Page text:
Thinking B2B: How to use client mapping to acquire B2B customers
by Warren Moss (@warrenmoss) As a B2B marketing agency, you spend your time marketing products or services to other businesses on behalf of your clients. And there’s a notion that, when you’re selling to other businesses, there’s never just one buyer who makes the decision on their own — there are various influencers around them.
For example, the CTO of a company could be the buyer of the goods in question, and her influencers would be the CEO, CFO, CMO and HR director. You usually reach these influencers by exposing them to communication that will help them make buying decisions. But, the truth is, that’s not enough.
Because these influencers also need a tactile and tangible experience with the brand that’s selling to them in order to create trust. That’s not always possible, given the budget of a brand but, generically, I believe that client mapping is fundamental in order to do this.
What is client mapping?
If you’re selling into another company, you first need to map the organogram of that organisation. Then you have to create the buyer journey, thinking about what steps the company would need to go through to make the final buying decision.
Then you have to overlay that purchase journey on the organogram, so that you can see whom to interact with at which stages. For example, in the ‘interest’ phase of the buying journey, the type of information you would expose the influencers to is designed so that the influencer goes to the buyer and says, “Have you thought about this particular issue or option?” This triggers the buyer to think about a potential solution to that problem.
Let’s say our client is an ICT company, and that it has a cloud-based solution that it wants to sell to another company that has a few thousand employees. The buyer in question would then pay on a monthly basis, per employee, in order for employees to have access to the cloud solution.
The decision on which ICT company the CTO chooses rests with her. But employees are also influencers — and it’s important to remember that. Therefore, you should start by mapping out the organisation and then ask: what is the typical purchase journey that the buyer (CTO) goes through? They might read an article about how a competitor is reducing costs because of very tangible benefits, such as a cloud solution, and this could be a trigger.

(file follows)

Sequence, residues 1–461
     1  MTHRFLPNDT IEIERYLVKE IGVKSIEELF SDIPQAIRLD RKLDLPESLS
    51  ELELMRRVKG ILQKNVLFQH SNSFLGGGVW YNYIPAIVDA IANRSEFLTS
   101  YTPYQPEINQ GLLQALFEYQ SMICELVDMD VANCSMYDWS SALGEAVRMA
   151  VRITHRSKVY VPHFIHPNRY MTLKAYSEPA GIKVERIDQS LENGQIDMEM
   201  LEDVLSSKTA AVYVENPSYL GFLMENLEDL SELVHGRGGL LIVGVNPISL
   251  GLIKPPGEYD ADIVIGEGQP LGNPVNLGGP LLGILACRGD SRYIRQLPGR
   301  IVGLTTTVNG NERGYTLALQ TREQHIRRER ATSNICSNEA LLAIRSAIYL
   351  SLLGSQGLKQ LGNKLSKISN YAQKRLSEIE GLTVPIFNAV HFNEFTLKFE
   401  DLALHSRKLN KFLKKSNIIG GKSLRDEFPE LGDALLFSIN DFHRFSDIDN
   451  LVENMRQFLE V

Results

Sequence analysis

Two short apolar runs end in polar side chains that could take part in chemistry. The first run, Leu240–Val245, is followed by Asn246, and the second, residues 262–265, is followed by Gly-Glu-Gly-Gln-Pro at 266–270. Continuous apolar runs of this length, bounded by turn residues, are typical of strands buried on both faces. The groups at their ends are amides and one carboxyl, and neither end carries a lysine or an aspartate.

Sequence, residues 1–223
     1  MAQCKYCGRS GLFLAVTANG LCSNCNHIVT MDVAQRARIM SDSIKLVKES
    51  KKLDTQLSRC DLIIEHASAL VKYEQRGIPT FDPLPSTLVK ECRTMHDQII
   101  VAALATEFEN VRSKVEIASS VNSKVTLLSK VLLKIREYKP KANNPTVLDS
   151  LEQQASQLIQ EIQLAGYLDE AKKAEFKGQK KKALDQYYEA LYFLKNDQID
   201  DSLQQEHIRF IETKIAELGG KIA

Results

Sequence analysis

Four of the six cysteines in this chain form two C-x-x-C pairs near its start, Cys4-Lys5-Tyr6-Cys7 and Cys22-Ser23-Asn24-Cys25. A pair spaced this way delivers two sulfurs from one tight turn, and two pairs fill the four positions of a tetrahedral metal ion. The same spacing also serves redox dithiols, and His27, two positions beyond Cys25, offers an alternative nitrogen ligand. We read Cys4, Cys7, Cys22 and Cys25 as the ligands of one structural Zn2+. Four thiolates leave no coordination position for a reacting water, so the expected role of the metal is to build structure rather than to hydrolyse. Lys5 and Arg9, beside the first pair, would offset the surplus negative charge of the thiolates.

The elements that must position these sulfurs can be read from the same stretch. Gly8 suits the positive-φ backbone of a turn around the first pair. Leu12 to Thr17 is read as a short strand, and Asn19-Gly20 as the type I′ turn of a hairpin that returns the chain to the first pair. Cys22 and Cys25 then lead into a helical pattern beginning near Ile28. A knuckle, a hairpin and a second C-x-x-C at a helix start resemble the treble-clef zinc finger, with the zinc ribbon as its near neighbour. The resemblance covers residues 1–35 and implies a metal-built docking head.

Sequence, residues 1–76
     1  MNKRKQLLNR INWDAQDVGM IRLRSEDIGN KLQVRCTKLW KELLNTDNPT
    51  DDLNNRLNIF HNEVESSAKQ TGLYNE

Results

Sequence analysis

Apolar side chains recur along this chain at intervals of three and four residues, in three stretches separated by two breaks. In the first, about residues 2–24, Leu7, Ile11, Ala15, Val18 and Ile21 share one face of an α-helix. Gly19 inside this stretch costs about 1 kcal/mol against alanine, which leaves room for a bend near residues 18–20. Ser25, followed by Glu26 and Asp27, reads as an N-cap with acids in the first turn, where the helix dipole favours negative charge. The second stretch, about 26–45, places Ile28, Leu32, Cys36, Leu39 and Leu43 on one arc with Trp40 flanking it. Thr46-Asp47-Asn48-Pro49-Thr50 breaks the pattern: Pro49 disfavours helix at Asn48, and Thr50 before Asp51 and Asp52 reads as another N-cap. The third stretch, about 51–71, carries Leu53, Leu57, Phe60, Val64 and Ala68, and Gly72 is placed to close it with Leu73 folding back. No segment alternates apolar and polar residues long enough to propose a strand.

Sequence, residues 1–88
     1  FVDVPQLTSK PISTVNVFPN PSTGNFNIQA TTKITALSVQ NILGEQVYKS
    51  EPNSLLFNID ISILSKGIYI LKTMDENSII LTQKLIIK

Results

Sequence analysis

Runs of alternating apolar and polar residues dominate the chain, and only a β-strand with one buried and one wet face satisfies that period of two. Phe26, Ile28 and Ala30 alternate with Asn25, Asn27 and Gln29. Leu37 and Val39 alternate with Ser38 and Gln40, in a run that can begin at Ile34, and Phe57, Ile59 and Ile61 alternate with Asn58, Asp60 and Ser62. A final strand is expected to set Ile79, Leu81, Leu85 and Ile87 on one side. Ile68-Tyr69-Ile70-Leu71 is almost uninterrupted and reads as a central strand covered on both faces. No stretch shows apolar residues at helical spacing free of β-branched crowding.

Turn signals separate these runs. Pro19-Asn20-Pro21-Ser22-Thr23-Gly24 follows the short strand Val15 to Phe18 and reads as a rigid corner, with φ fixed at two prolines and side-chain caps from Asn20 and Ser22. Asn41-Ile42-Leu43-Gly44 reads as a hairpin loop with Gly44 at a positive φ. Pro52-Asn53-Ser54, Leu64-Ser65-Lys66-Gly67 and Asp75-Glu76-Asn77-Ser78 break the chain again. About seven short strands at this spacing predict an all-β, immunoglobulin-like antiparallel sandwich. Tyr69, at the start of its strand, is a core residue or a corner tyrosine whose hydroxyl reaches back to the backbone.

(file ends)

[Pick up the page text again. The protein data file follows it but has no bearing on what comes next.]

The triggers kick off the purchase journey. Once the CTO is triggered, what does the purchase journey look like? It could begin with a research phase, heading on to evaluation, pricing and, eventually, buying. The influencers would have different impacts at these different phases. These employees may not have a say at the pricing phase, for example, but they would have lots of influence in the research phase.
As a marketer, it’s only once you understand who these influencers are, and what their roles are per phase, that you may then create the best content to help the influencer influence the buyer at each given phase. You couldn’t, for example, send emails to thousands of employees as you don’t know their email addresses nor do you have permission. But perhaps they work onsite in a factory? You could then put billboards outside the factory tailored specifically to those employees.
The client-mapping process
Here’s the high-level process you should follow when client mapping:
- Define who the buyer and influencers are
- Create their purchase journey
- Overlay that on the organogram mapping
- Decide what content topics are relevant to the influencers on different phases of the purchase journey
- Decide on which channels to communicate
- Come up with the “big idea” for the campaign
- Create content and disseminate it
This whole process could take 24–36 months so it’s not a ‘quick fix’. The purchase journey in B2B marketing campaigns is much longer than the typical B2C purchase journey, and it takes research and expertise to execute on this.
Warren Moss (@) is the CEO and founder of Demographica, a multi-award winning full service agency that specialises in the B2B category. He is the chair of both the Direct Marketing Association of South Africa (DMASA) and the Assegai Integrated Marketing Awards (Assegais), as well as the only African to judge the B2 Awards, which recognise the top performing B2B marketers in the world. Warren contributes the monthly “Thinking B2B” column, which looks at the latest trends in B2B communications and explains why it is fundamentally different from B2C comms.